IT Skills Examples—CV Profile

Your IT skills can actually be incorporated into every CV section. Your CV profile is the brief paragraph at the top of your CV that introduces you as a candidate. Also known as your CV personal statement or CV summary it’s the perfect place to start adding IT skills to your CV.

Passionate mobile software developer with 6+ years of experience building Android apps for a range of clients and advanced Java coding skills. Specialist in bridging the gap between UX design and practical UI implementation. Looking to grow my career creating practical and elegant apps for Lightning Network’s blue-chip client base.

That will be the first part of the candidate’s CV the recruiter will see, and when it’s written like that it instantly proves their IT skills credentials.

IT Skills Examples—Work Experience Section

What better way of showing off your IT skills on your CV than by incorporating them into your work history. This way you show how those skills have contributed to your practical experience and professional accomplishments.

Work your skills into the bullet points of your work experience section. Give them maximum impact by starting each bullet point with a CV action word, adding numbers to quantify your achievements, and using accomplishment statements as your framework.

Cybersecurity officer

Wilberforce Group, London

Jan 2018–Present

  • Built a company-wide cybersecurity policy encompassing two offices based in London and Manchester including developing an education programme for 500+ staff.
  • Developed a bi-monthly penetration testing protocol, regularly identifying and rectifying weaknesses as systems were updated and improved.

IT Skills Examples—Additional Sections

It doesn’t stop with your work experience. And that’s good news for candidates writing a student CV, graduate CV or other situations where your work experience is limited. A great example is your hobbies and interests section, some people dismiss it as irrelevant but it’s a great way of proving your technical skills in the absence of a detailed work history.

Hobbies and interests

  • Arduino enthusiast. Created game controller, smart RFID lock and programmed using Python.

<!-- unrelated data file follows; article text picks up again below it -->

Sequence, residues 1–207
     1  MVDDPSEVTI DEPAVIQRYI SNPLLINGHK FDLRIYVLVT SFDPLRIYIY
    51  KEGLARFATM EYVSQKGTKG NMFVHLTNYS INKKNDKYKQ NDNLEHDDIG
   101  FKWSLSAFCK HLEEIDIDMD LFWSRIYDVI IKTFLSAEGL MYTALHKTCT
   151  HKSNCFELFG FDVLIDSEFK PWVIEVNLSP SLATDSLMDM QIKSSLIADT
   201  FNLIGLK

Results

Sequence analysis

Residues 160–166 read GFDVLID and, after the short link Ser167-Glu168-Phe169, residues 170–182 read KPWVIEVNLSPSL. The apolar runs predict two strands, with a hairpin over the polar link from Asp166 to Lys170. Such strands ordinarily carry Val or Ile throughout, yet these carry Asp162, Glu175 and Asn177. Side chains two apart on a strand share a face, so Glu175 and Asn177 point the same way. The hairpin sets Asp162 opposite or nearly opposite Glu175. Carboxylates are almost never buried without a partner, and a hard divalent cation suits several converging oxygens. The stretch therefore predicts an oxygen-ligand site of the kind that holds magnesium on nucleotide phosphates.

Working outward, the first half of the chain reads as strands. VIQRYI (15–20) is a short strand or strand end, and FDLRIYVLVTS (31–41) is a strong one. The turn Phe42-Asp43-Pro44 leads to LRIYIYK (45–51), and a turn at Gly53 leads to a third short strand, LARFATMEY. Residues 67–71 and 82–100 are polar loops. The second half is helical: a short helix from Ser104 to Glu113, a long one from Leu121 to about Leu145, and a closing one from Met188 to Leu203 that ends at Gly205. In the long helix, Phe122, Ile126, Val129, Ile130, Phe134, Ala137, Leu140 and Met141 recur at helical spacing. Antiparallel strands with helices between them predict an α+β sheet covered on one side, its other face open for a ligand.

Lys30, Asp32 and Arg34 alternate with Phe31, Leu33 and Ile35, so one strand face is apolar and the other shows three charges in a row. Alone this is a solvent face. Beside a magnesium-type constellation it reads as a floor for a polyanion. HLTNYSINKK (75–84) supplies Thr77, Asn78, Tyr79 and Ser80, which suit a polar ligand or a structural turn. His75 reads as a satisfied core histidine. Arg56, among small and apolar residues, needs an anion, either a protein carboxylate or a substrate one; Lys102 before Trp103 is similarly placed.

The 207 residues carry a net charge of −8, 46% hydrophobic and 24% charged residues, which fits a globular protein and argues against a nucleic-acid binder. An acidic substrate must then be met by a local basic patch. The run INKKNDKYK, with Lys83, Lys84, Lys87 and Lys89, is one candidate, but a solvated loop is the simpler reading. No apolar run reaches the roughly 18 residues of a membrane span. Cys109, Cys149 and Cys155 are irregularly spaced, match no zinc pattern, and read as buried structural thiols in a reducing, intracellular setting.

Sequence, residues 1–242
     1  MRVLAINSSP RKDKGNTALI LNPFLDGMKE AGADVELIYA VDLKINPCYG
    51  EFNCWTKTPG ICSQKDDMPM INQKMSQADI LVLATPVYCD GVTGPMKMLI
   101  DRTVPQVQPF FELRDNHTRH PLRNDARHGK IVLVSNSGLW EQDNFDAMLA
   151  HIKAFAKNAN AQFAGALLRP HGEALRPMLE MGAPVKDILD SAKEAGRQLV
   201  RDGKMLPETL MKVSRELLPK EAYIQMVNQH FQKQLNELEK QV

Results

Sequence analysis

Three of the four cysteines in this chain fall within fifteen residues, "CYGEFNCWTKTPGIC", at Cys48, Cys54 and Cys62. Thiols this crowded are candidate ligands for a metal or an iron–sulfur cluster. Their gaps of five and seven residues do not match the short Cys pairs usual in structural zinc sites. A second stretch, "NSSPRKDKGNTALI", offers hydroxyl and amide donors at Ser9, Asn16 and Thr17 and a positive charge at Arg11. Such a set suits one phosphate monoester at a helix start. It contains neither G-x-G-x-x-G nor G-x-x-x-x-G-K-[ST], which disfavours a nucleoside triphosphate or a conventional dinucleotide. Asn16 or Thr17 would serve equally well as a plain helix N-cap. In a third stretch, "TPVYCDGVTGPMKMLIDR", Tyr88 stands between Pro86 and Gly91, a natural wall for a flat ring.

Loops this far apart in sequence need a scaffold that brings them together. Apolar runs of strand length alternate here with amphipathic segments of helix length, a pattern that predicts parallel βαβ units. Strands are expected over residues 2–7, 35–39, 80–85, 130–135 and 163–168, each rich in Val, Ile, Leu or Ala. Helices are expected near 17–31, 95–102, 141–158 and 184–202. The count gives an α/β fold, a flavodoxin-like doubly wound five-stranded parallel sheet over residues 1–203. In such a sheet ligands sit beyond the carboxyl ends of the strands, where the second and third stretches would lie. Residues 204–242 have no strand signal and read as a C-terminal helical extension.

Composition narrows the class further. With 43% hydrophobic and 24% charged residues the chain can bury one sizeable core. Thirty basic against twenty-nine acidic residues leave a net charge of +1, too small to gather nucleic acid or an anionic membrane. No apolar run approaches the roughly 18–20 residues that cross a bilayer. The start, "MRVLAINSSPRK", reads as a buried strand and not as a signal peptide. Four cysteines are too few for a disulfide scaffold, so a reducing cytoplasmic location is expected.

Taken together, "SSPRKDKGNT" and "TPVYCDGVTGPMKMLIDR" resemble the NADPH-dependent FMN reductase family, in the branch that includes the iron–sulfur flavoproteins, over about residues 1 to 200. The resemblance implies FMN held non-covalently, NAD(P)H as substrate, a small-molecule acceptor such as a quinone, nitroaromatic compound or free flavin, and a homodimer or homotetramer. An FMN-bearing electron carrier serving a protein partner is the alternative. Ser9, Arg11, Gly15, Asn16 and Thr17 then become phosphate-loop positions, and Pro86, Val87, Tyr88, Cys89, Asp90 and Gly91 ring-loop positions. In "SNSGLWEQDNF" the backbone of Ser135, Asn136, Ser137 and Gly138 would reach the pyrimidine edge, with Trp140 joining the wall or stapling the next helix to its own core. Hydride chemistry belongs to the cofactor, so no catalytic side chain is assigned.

That’s not just fun and games but proof of technical and programming IT skills.

But it doesn’t stop there. You could even add IT skills to your education section. If you’ve just graduated it’s perfectly acceptable to list relevant modules you’ve studied and projects you’ve completed. Just add bullet points to your education section listing them.

And speaking of education, there’s no need to be concerned if your IT functional skills are up to scratch. Next, we’re going to cover what you can do to improve them.

How to improve your IT skills?

If you don’t have good IT skills, don’t worry, there are plenty of options out there for you to develop basic computing skills, IT skills, or technical skills in general. Addressing the IT skills gap is such an important issue that there are all sorts of training options available now to upskill the workforce. Here’s how to go about it.

1. Identify your IT skills gap

Set clear learning goals by identifying what it is you need to learn. Whether it’s learning a programming language or just mastering spreadsheets (as one of the basic IT skills), setting clear objectives will make it easier to find the training you need.

2. Ask your employer

Many companies offer training to their employees with basic IT skills being a key focus. You’ll also find most of them offer training in the main software systems that they use and the major productivity suites.

3. Look at government-led training

Use the government career skills and training portal if you’re currently unemployed or your employer doesn’t have the training you need. 

4. Consider online options and remote learning

There’s a great selection of training providers available online too. The Open University is one of the oldest and best remote learning providers but newcomers like EdX, Coursera and Udemy are great too. 

5. Practice and get hands on experience

Once you’ve completed your training, get some practice. Speak to your employer about taking on duties that’ll let you get hands-on experience. Complete projects in your spare time. There’s no better way of reinforcing your learning than putting your new found IT skills to use.

In short, explore your options and expand your horizons. IT skills will continue to be in demand and developing yours will pay dividends in terms of career success.

You don’t have to be a CV writing expert. In the LiveCareer CV builder you’ll find ready-made content for every industry and position, which you can then add with a single click.

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Thanks for reading, if you’d like to know anything else about how to best leverage your IT skills then please hit us up in the comments section. We’re here to help.

How we review the content at LiveCareer

Our editorial team has reviewed this article for compliance with Livecareer’s editorial guidelines. It’s to ensure that our expert advice and recommendations are consistent across all our career guides and align with current CV and cover letter writing standards and trends. We’re trusted by over 10 million job seekers, supporting them on their way to finding their dream job. Each article is preceded by research and scrutiny to ensure our content responds to current market trends and demand.

About the author

LiveCareer Editorial Team
LiveCareer Editorial Team

Since 2005, the LiveCareer Team has been helping job seekers advance their careers. In our in-depth guides, we share insider tips and the most effective CV and cover letter writing techniques so that you can beat recruiters in the hiring game and land your next job fast. Also, make sure to check out our state-of-the-art CV and cover letter builder—professional, intuitive, and fully in line with modern HR standards. Trusted by 10 million users worldwide.